Translating is difficult. Is is true even more for emotional, persuasive texts with a specific goal. In the case of the fundraising for Wikimedia, Jimmy Wales uses a lot of expressions that may work in English, but that are difficult to translate to German. Here some examples.
“I don’t get paid a cent for my work at Wikipedia”: The German translation dropped the cent and says only that Jimmy Wales is not paid. Maybe the translator thought that the reader might wonder which cent (Dollar or Euro), and some German-speaking people (e.g., the Swiss) don’t pay with pennies themselves.
“Commerce is fine,” he wrote. The dictionary (I am using dict.cc) offers rather specialist expressions, “Handel” (actually: trade) or the direct translation of the latinist word, “Kommerz”. The latter was used by a previous contributor. I changed it into “Geschäftstätigkeit” (“being busy with business”), because “Kommerz” in German is rather a pejorative.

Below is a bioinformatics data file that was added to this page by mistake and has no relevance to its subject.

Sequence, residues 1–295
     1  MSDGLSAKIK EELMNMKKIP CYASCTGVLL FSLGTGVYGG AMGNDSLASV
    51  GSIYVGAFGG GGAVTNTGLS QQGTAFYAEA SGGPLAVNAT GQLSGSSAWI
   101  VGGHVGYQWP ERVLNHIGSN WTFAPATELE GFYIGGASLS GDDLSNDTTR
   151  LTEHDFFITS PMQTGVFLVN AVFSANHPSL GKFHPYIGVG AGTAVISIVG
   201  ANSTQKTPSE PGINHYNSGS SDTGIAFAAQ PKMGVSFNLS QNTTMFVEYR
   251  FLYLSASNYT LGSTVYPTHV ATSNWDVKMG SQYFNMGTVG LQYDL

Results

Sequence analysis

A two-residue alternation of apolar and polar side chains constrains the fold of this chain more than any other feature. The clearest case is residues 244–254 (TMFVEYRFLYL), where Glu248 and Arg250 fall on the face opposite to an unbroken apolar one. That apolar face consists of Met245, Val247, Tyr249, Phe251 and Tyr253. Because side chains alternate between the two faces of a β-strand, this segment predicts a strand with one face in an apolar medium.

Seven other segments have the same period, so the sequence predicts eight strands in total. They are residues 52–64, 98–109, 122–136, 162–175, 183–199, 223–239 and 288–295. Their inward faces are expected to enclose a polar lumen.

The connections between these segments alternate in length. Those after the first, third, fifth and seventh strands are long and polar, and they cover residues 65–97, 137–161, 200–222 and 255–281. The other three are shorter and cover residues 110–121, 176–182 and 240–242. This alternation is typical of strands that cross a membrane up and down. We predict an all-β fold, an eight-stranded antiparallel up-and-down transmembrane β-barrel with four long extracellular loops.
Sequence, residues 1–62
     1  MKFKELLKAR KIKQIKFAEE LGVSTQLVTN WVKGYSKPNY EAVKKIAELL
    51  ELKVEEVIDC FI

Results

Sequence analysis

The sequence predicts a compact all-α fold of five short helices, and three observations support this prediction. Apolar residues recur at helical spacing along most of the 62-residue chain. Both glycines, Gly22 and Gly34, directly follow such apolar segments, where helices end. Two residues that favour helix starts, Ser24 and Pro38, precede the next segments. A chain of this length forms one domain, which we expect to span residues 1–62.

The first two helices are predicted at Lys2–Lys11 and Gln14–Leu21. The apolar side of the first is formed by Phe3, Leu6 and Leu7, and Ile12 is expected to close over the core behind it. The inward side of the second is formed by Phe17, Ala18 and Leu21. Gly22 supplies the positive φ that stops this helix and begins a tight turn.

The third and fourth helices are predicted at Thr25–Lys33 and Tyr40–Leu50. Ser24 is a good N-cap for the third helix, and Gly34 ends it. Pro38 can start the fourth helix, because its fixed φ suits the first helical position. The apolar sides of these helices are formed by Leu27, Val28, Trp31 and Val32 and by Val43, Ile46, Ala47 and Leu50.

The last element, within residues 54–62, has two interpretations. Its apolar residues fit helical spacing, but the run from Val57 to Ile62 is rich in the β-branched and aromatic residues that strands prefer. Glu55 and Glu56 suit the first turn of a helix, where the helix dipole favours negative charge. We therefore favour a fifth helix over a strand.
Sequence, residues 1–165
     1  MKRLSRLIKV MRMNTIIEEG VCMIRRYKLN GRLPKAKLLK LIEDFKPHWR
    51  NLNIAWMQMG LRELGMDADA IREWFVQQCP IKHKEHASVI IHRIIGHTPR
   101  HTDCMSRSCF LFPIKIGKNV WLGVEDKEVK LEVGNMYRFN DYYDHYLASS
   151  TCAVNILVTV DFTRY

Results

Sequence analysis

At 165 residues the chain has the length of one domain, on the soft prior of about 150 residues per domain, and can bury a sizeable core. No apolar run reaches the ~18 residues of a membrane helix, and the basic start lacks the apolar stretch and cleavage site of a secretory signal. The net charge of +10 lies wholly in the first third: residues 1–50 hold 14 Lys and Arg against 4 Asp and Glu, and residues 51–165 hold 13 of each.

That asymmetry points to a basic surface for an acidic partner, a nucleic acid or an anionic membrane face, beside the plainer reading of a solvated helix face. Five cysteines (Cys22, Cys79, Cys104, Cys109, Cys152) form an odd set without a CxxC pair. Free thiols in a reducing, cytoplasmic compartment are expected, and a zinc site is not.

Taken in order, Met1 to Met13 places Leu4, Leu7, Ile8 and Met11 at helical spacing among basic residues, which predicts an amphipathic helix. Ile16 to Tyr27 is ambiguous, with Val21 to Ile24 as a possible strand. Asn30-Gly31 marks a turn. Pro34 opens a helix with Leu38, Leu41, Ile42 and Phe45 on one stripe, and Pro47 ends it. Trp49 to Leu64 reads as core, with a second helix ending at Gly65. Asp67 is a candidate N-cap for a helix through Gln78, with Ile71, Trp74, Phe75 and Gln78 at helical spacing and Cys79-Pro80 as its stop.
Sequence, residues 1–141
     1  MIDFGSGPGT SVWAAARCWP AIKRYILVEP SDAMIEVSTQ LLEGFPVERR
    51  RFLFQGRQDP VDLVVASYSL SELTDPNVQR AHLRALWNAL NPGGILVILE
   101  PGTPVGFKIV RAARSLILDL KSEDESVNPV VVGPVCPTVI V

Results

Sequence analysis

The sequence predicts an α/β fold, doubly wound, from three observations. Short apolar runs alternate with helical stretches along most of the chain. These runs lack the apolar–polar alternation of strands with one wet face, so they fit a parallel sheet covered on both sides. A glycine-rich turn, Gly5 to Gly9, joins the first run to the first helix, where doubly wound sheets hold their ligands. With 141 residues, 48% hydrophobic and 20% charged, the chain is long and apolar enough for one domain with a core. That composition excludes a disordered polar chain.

Sometimes the Jimmy-appeal is a little too solemn, too impassionate for German readers. An example is the “temple for the mind”. We kept that, but cut on the words “human” and “humanitarian” (adjectives for “project”). It is difficult to call Wikipedia in German a “humanitäres Projekt”, because that word is used for help at humanitarian catastrophes (earthquakes, floodings). The German dictionary translation “menschenfreundlich” (friendly to humans) sounds nearly comic. The original translator turned it into “gemeinnützig” (charitable, not-for-profit), I made “wohltätig” of it (beneficent, philanthropic), and will see how long it remains.
“Wikipedia’s 400 million users”: Obviously, this does not relate to “users” as registered contributors to Wikipedia. The German word is “Benutzer”, and the translator used the slightly different word “Nutzer”. I turned it into “Leser” (readers), because that is what Jimmy meant. Right?